Presentation on theme: "Spam Edward W. Felten Dept. of Computer Science Princeton University."— Presentation transcript:
Spam Edward W. Felten Dept. of Computer Science Princeton University
Scope of the Problem About 60% of all email is spam –Much is fraudulent –Much is inappropriate for kids 5% of U.S. net users have bought something from a spammer –Billions of dollars of sales –Spamming pays Will talk about email; but affects other communication technologies also
An Email Message From: email@example.com To: firstname.lastname@example.org Subject: mail forgery Date: November 18, 2004 Actually, anybody can make a message like this. There’s no inherent authentication of the receiver’s address, and no guarantee that the message came from any particular place. Forgery is easy.
Email Transport sender Sender’s serverReceiver’s server SMTP receiver POP/IMAP Complications: forwarding, mailing lists, autoresponders, etc.
What is Spam? (1)Email that the recipient doesn’t want. Problems: - only defined after the fact - ban raises First Amendment issues (2) Unsolicited email. Problem: lots of unsolicited email is desired
What is Spam? (3) Unsolicited commercial email. But what exactly does “unsolicited” mean?
Free Speech Issues Law sometimes allows speech, even when the listener doesn’t want to hear it. Commercial speech less protected than political speech. At the very least, let’s not block a message if both parties want it to get through.
Working Definition of Spam Any commercial, non-political email is spam, unless (a) the recipient has consented to receive it, (b) the sender and receiver have an ongoing business relationship, or (c) the message relates to an ongoing commercial transaction between the sender and receiver. Note: just looking at a message won’t tell you whether or not it’s spam.
Anti-spam Measures Enforce laws against wire fraud, false medical claims, etc. Require accurate labeling of origin; allows filtering by origin –Big spammer just sentenced to nine years in VA state prison for mislabeling
Private Lawsuits by ISPs ISP sends spammer cease-and-desist letter Spammer keeps sending spam ISP files suit –Claiming cyber-trespass –Seeking money damages –Seeking injunction against further spamming Some success so far, but mostly useful as deterrent
Blacklists Make list of known email addresses, or known IP addresses, of spammers Discard email from those addresses Problems –Spammers try to mislead about message origin –Spammers move around a lot –Innocent users sometimes end up sharing addresses with spammers –False accusations
Whitelists Make list of people/places you want to get email from Impractical to accept email only from these people But still useful –Make other anti-spam measures more stringent –Exception for people on whitelist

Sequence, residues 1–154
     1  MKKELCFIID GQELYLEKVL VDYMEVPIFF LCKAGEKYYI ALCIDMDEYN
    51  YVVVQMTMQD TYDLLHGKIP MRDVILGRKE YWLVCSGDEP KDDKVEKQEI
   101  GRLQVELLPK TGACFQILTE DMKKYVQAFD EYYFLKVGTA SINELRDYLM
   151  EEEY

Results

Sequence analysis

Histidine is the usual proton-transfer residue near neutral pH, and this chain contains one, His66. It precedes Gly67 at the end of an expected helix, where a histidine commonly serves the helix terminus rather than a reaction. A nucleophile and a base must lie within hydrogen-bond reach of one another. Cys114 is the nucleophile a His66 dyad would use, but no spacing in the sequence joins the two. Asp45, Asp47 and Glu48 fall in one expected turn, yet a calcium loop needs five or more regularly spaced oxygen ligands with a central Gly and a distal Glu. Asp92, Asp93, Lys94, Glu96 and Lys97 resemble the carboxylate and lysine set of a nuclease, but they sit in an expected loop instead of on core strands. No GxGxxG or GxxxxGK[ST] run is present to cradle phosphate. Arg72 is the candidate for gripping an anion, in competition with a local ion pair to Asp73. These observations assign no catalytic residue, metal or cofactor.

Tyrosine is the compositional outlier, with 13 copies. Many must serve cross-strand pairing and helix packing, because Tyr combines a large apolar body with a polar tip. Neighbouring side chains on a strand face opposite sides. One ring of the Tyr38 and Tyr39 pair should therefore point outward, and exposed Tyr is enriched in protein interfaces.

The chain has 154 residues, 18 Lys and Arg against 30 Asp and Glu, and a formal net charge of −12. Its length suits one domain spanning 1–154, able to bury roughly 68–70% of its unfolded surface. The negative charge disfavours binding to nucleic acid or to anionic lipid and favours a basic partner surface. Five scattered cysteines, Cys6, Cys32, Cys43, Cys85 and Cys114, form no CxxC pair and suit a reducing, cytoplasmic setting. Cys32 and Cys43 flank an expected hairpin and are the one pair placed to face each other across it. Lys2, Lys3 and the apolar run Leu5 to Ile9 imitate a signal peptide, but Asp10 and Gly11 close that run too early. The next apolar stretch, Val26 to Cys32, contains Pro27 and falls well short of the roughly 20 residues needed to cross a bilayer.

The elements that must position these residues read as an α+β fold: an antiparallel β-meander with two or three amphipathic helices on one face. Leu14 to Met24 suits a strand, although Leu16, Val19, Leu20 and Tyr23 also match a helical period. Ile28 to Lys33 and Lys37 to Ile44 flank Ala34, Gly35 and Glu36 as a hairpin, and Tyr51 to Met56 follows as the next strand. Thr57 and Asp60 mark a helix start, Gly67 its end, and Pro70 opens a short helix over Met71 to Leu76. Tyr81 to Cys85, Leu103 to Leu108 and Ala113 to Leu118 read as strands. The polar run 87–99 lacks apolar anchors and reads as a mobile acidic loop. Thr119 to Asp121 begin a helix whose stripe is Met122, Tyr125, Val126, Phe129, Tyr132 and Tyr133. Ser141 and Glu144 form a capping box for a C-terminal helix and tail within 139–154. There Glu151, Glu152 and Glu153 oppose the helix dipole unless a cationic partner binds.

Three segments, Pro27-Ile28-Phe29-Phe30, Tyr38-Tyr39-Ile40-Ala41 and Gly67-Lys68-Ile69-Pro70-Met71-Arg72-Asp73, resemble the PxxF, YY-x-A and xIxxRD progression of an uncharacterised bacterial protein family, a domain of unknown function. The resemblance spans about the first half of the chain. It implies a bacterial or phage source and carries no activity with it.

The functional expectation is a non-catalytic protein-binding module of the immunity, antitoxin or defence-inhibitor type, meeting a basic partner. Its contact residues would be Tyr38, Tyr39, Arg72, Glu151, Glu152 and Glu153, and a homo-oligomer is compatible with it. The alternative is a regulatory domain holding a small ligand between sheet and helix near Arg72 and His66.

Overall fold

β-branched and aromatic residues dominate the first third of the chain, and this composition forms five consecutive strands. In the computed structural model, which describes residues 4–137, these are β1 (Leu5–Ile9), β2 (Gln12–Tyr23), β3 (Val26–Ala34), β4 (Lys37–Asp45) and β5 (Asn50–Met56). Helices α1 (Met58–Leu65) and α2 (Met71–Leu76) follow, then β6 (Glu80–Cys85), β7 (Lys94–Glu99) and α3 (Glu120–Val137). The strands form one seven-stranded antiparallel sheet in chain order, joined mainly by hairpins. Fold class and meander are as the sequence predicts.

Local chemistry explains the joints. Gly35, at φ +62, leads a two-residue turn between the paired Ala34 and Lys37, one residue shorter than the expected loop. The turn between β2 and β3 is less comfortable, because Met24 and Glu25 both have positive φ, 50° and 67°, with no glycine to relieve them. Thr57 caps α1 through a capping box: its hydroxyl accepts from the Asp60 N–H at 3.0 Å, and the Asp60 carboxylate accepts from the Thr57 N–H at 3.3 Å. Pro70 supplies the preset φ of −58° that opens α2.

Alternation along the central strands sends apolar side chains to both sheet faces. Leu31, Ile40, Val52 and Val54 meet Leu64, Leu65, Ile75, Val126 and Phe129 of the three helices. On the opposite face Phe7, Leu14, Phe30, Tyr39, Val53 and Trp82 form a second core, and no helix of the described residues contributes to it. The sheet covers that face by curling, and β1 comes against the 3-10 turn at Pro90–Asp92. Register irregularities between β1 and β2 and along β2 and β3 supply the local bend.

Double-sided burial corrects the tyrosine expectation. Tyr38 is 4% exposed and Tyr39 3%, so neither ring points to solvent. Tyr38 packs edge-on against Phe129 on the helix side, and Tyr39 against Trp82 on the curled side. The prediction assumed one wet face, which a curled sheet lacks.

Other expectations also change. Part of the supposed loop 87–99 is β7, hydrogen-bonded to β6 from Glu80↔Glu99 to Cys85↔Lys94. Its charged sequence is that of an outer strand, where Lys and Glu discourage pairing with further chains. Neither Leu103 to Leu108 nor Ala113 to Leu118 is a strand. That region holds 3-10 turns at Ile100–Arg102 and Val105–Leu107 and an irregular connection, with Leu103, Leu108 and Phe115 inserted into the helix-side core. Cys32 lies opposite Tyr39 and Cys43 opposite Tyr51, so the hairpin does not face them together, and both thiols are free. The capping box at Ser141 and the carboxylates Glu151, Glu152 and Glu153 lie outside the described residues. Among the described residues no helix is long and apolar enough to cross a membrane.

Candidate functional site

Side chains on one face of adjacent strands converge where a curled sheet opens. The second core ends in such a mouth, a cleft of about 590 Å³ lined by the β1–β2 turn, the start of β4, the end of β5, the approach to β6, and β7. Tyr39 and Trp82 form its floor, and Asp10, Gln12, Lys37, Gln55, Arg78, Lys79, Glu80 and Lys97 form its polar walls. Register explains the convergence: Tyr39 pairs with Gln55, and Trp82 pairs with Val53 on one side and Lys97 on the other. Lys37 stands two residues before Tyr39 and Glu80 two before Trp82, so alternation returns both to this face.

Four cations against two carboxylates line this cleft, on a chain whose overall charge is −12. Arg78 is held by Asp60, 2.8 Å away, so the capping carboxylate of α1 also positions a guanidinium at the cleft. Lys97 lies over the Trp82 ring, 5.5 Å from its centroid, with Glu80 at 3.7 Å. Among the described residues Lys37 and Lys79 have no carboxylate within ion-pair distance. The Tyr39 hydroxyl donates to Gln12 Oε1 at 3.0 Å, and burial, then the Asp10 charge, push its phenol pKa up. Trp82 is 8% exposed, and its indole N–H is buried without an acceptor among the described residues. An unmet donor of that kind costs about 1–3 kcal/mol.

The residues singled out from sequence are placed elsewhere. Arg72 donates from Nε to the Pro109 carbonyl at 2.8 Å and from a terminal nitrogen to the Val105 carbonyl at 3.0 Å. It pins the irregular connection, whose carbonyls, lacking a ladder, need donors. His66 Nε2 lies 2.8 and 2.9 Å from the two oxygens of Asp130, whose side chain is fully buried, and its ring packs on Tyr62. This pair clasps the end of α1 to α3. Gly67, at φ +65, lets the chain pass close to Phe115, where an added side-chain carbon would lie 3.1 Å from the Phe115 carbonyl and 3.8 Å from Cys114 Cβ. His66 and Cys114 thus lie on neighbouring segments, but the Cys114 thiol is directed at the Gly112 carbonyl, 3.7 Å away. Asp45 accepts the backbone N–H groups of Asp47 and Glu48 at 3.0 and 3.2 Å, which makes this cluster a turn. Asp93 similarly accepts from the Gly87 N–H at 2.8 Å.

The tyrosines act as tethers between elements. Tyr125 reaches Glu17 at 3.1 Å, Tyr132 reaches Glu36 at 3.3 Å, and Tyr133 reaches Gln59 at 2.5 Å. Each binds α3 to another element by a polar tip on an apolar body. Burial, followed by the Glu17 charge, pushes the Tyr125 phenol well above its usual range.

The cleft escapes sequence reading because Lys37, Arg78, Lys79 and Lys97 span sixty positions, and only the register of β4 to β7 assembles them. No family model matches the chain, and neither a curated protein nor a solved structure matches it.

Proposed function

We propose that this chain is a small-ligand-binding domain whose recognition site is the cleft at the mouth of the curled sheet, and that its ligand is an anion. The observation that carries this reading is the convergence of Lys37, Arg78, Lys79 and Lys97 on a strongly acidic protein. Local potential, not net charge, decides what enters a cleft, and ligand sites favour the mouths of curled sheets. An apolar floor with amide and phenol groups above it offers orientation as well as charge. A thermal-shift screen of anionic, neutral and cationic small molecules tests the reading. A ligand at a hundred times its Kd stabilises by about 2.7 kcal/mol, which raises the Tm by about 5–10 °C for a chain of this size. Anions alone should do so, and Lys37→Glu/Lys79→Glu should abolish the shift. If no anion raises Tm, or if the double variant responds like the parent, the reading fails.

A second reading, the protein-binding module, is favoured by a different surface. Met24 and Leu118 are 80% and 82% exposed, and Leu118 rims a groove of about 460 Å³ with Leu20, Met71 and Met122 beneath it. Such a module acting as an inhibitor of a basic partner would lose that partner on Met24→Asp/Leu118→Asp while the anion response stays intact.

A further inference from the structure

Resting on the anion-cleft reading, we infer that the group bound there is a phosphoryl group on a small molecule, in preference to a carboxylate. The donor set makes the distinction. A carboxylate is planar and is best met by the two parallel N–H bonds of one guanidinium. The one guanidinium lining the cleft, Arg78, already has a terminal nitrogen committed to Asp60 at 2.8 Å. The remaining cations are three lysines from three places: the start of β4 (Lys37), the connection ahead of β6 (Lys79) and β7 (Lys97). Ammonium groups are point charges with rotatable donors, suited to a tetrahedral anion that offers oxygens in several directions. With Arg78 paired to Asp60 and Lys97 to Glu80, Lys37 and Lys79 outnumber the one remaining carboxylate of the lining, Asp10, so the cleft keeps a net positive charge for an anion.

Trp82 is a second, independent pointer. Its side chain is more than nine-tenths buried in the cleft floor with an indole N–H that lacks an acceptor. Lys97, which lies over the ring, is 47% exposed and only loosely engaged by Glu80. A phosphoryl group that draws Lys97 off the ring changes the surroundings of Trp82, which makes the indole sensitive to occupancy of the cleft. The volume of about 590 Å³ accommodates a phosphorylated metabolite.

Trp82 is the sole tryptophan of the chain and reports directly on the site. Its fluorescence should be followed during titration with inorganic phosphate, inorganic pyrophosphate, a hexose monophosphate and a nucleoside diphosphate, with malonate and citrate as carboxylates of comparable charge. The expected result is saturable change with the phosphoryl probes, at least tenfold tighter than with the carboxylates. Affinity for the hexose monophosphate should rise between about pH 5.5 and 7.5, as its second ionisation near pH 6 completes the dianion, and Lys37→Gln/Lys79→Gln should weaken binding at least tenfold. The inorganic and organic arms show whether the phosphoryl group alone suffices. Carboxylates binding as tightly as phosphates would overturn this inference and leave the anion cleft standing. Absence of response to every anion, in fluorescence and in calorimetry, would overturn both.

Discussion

Payment Try to raise cost of sending email –Ideally, raise more for spammers than for normal senders Pay in the form of: –Money –Wasted computational resources –Human attention
Problems with payment If using real money, involves the banking system If paying in resources, waste of resources –Resources are cheap for spammers anyway Deters some legitimate email – especially big (legitimate) mailing lists
Sender authentication Various schemes Make sure that mail comes from the right place, given the (claimed) sender –e.g. my mail comes from a Princeton IP address Works okay, but –Complicated in presence of forwarding etc. –Doesn’t address spambots on stolen machines
Content-Based Filtering Classify incoming messages based on contents –Apply fixed rules (e.g. SpamAssassin) –Machine learning, based on user labeling Word-based Bayesian learning
Filtering Issues Fairly accurate, but not foolproof –Trade off false positives vs. false negatives –Still need to look at suspected-spam messages Spammers using countermeasures –“word salad”
Case Study: Do-Not-Email List In CAN-SPAM Act, Congress asked FTC to study a National Do-Not-Email (DNE) list –Like Do-Not-Call list for telemarketing Congress asked: –Should we have a DNE list? –If we have one, how should it work? FTC hired experts (including me) to give technical advice.
DNE List: Law Users can put their email addresses on the DNE list. Domain owner can put whole domain (e.g. washington.edu) on DNE list. Illegal to send spam to anybody on the list.
DNE List: Approaches Give spammers the list –Very bad idea: “whom-to-spam” list –Can seed each spammer’s list with “telltale” addresses? (Interesting CS theory problem.) Spammer submits their mailing list to DNE service; service returns “scrubbed” list –Spammer still learns about some valid addresses –Might be able to limit this by limiting access, charging for access, etc.
DNE List: Approaches Spam-forwarding service –Spammer must direct all spam through a DNE service –Service forwards email to addresses not on DNE list –Silently drops if address is on list –Doesn’t leak information about list –Irony: as an anti-spam measure, the government is forwarding spam All approaches: risk that list will leak
Outlaw Spam Biggest problem for DNE List is outlaw spammers –Ignore the law –Send spam from stolen machines –Very hard to catch them
Spam: Bottom Line Spam will be with us, as long as people buy stuff from spammers. People will keep buying the kinds of products that spammers sell. At best, we’ll fight to a stalemate.